Recruiting Owner Operators: Gearld D.

Born and raised in Greensboro, Alabama, Gearld D. always wanted to be a driver as a child, but sometimes you have to try on a few career hats before you find the right fit. So Gearld first tried on a welding cap after finishing college. In 2014 he headed to San Antonio, Texas, for his first career as an oil field welder.

“Working in an oil field, I dealt with a lot of the trucks involved with that industry,” he says. “I was able to be around trucks more and understand them more. That influence was great. So in 2015 I decided it was time to begin my second career. All that led me to where I am today, which is driving.”

Gearld says PAM was the first trucking company that interested him when he was only 19 years old and he spotted one of their ads in the newspaper. He said it was the first company he ever called about driving.

“Fast forward from age 19 to 28, and look who I’m with today,” he says. “Coming to PAM has changed my life. This is my career and this is what I want to do. I don’t like it. I love it. I love the company I’m with.”

After he gained a few years of road experience under his belt and began earning the respect of his driving peers, Gearld decided it was time to wear a new career cap as an Owner Operator.

A Passion for Driving Fuels a New Owner Operator Career 

Gearld was already an experienced driver when he heard PAM was recruiting owner operators for PAM Cartage Carrier Lease to Own. He wasn’t a stranger to leasing a truck, but he still had many questions before he signed on the dotted line.

“So I called the recruiter to see what they were offering,” he says. “I got to ask them lots of questions, like let’s talk about home time. Let’s talk about overhead, like insurance. I want to know everything from A to Z.”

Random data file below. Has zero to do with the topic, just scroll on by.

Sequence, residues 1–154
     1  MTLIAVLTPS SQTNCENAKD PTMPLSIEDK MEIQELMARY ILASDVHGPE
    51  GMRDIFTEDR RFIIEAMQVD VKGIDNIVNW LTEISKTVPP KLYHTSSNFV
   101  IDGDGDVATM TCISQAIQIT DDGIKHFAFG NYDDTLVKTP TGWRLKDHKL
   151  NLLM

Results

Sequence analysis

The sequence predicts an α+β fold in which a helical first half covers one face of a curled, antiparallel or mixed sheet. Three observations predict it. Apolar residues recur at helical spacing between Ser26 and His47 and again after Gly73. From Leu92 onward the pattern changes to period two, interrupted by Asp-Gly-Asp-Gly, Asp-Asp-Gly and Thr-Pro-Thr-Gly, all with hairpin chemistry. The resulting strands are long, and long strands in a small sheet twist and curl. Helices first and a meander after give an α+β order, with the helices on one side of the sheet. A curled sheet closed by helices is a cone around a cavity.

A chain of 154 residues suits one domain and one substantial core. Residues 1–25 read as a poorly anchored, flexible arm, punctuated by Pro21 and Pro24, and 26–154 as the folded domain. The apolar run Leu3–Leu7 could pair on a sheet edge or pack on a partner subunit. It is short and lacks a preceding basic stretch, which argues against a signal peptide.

Gearld says the recruiter gave him the chance to talk about himself and what he could bring to the table as an Owner Operator. The recruiter was most interested in his impressive driving record.

“I told him about my clean background, my clean record: no accidents, no tickets throughout my whole career,” says Gearld. “Then I told the recruiter to send what he was telling me in black and white. When he sent everything to me in black and white, I knew he was serious.”

Gearld hasn’t looked back since he decided to lease to own. He says working as an Owner Operator has its ups and downs, but he now feels he’s part of a trucking family.

“Working with PAM has been amazing,” he says. “Everybody treats me like family.” 

Now Gearld is ready to share his road knowledge with the next generation of drivers as a mentor.

Ready to Inspire New Student Drivers as a Mentor 

“To be honest, at first, I didn’t want to be a mentor,” says Gearld. “Because I’m so used to being by myself. I love the comfort of being by myself on the road. But so many people have been telling me, ‘You need to become a trainer!’”

But Gearld wanted to help drivers earn the same level of success he has achieved as an Owner Operator. As a recent graduate of the PAM mentor training program, he’s now ready to wear his training cap. 

“I love helping people,” he says. “I know you hear other people say they love helping people, but I’m genuine about it.”

For Gearld, mentoring will be his chance to pay it forward when it comes to sharing the wisdom he’s gained from other experienced drivers. 

“My family travels these highways, your family travels these highways, and truck drivers – we travel these highways,” he says. “So I want to be able to instill something in a truck driver that was instilled in me.” 

Words of Wisdom for Student Drivers 

Gearld wants new student drivers to know that it pays to listen to advice from experienced PAM drivers, especially when it comes to safety and learning how to respect the vehicle and other drivers. But he advises caution when it comes to taking advice from drivers at truck stops.

“You have to be careful about the talk you hear at truck stops,” he says. “Remember we’re all human and the person talking might be having a bad day. Shippers, receivers, truckers – any of them could be upset on a given day and say something negative. But there’s still a lot to learn from drivers like the ones at PAM, who are always available with a listening ear.”

Gearld says student drivers should go to their mentors, driver managers, and student liaisons for help. Experienced drivers can offer hands-on tips for transporting loads, dealing with shippers, and working with the people on the docks. 

“Don’t be afraid to have conversations with experienced drivers,” he says. “Learn our opinions and go from there. I’ve learned to appreciate the same opportunity other drivers gave me. I appreciate them for opening the doors for me.” 

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